Steven Wilson

Album: Hand. Cannot. Erase.

Release date: Feb. 27, 2015

Rating: 9.5/10

There's no denying that Steven Wilson's solo career has been on one heck of a roll.  Since Porcupine Tree's The Incident was released in 2009, Wilson has focused entirely on his blossoming solo efforts – releasing 2011's Grace for Drowning and 2013's The Raven Who Refused to Sing, the latter of which was Album of the Year at the 2013 Progressive Music Awards.  However, his latest effort, Hand. Cannot. Erase., is perhaps the best of the bunch – and one that will be mentioned by prog enthusiasts many years, if not decades, from now.  It will also stay in my car stereo for a long, long while.

The first thing listeners must consider before digesting Hand. Cannot. Erase. is the unique subject matter.  This is a concept album inspired by the case of an English woman named Joyce Carol Vincent who passed away back in December 2003, but remained undiscovered for three years.  She was surrounded by gifts wrapped for Christmas, and her television and heat remained running, according to media reports.  Half of her rent was being automatically paid by benefit agencies, but housing officials decided to repossess her London bedsit after enough unpaid rent had accumulated – finally finding Vincent's corpse, which was so badly decomposed she had to be identified through dental records.  Wilson learned of the story through the 2011 documentary "Dreams of a Life," and decided to explore how a young person could become so isolated, ignored and overlooked in today’s tech-heavy world. 

Honestly, there is so much to discover and ponder in Hand. Cannot. Erase. that it's difficult to do in just a few listens.  We're not just talking about a collection of songs here – there's the thought-provoking artwork, a special edition with stereo and 5.1 surround sound mixes plus a 40-page booklet, and a blog ( written through the eyes of the album's female character that further brings the story to life.  You gotta respect the efforts, with Wilson turning the album into a full artistic experience spanning a variety of mediums.  But most importantly, of course, is the music itself.  And Wilson doesn't disappoint at all.  As sounds of kids playing fade in on the first track "First Regret," you know it's buckle-up time.  You're about to embark on a special journey that will run the gambit of emotions.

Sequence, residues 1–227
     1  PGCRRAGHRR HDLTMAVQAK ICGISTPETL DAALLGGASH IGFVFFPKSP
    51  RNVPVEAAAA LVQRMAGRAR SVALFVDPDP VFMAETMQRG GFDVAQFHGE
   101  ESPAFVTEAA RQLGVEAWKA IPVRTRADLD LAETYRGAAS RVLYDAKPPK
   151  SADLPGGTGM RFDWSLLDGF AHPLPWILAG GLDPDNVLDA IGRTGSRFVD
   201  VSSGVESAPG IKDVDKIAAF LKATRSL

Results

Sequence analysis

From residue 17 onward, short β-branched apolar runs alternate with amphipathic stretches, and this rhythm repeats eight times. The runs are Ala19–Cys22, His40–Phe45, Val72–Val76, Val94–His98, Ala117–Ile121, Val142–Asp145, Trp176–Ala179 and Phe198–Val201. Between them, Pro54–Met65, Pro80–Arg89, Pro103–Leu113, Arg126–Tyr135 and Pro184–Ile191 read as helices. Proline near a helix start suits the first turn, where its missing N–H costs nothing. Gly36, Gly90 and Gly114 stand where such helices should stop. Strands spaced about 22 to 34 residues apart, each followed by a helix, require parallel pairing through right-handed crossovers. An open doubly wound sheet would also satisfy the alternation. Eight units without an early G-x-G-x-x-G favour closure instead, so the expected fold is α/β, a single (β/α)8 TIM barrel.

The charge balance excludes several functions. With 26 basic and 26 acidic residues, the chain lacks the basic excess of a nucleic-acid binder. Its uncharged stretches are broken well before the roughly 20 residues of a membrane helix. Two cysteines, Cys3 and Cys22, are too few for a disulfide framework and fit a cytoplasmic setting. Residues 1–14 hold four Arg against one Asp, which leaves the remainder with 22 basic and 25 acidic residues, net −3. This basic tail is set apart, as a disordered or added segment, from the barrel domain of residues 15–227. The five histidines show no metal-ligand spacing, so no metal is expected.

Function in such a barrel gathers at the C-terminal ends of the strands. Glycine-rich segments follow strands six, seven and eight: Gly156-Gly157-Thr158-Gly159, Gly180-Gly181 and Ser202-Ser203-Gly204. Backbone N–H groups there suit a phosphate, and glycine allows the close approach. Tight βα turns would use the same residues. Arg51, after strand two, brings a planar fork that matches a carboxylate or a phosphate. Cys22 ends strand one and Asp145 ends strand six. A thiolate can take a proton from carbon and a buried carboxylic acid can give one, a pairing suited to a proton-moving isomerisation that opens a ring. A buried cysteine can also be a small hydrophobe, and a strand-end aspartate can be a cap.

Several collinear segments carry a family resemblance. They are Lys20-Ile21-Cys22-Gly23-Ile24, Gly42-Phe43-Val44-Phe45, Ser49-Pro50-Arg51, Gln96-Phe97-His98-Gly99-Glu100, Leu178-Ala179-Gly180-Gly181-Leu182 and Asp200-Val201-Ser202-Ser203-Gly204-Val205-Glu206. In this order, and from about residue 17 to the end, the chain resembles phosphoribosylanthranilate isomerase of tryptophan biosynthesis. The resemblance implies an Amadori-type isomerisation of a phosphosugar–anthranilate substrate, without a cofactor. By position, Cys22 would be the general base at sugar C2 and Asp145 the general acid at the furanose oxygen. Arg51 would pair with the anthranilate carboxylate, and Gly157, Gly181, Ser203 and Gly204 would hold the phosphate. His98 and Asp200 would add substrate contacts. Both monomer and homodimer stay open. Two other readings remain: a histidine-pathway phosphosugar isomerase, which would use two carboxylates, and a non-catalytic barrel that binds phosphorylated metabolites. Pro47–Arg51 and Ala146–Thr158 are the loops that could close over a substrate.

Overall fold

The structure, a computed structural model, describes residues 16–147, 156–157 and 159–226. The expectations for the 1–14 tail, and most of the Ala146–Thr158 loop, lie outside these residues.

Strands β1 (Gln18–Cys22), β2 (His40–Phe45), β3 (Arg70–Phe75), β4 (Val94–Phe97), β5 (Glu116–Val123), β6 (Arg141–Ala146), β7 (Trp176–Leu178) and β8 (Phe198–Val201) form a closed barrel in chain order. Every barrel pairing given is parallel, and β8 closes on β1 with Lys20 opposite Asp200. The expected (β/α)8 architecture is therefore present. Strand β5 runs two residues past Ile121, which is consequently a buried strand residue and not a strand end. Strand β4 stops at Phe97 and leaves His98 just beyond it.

The ending of "First Regret" features a simple, yet catchy, piano part that is repeated in the second-to-last track "Happy Returns," giving the album a cohesive feel.  But between those songs are a ton of magical moments.  The second track, "3 Years Older," explodes with an instrumental section that illustrates the talents of every band member before quieting down with acoustic guitars and Wilson's well-crafted lyrics.  "You cross the schoolyard with your head held down, and walk the streets under the breaking clouds," Wilson sings.  Some of the upbeat moments here are reminiscent of The Who and, in fact, I hear a wide range of prog influences scattered throughout the 11 tracks – from Pink Floyd to Opeth to Rush. 

The album also includes a pop-esque title track, which fits surprisingly well in the scope of the album, and a female spoken-word track that is also very refreshing called "Perfect Life."  The album's dynamics are also expertly done and songs like "Routine" and "Ancestral" are excellent examples of this – flowing from loud to soft, and soft to loud, with complete ease.  Then there are ever-changing time signatures in "Home Invasion" and solos on songs such as "Regret #9," which scratches me right where I itch for prog rock.  It's a five-minute song comprised of a kick-ass key solo followed by a Petrucci-esque guitar solo.  Beautiful stuff. 

My favorite song on the album is definitely "Happy Returns," which wraps up the story well and leaves me with an eerie feeling knowing the fate of Joyce Vincent.  My only criticism is the album does give off a pervasive melancholy vibe, which could make it a difficult listen for all occasions.  But it's a small issue.  The truth is, I can't imagine how Wilson will top Hand. Cannot. Erase., but I said that about The Raven Who Refused to Sing.  The bottom line is, everything he touches turns to gold – and, as a fan, all you can do is just enjoy the ride.

Review also posted on:
Prog Archives
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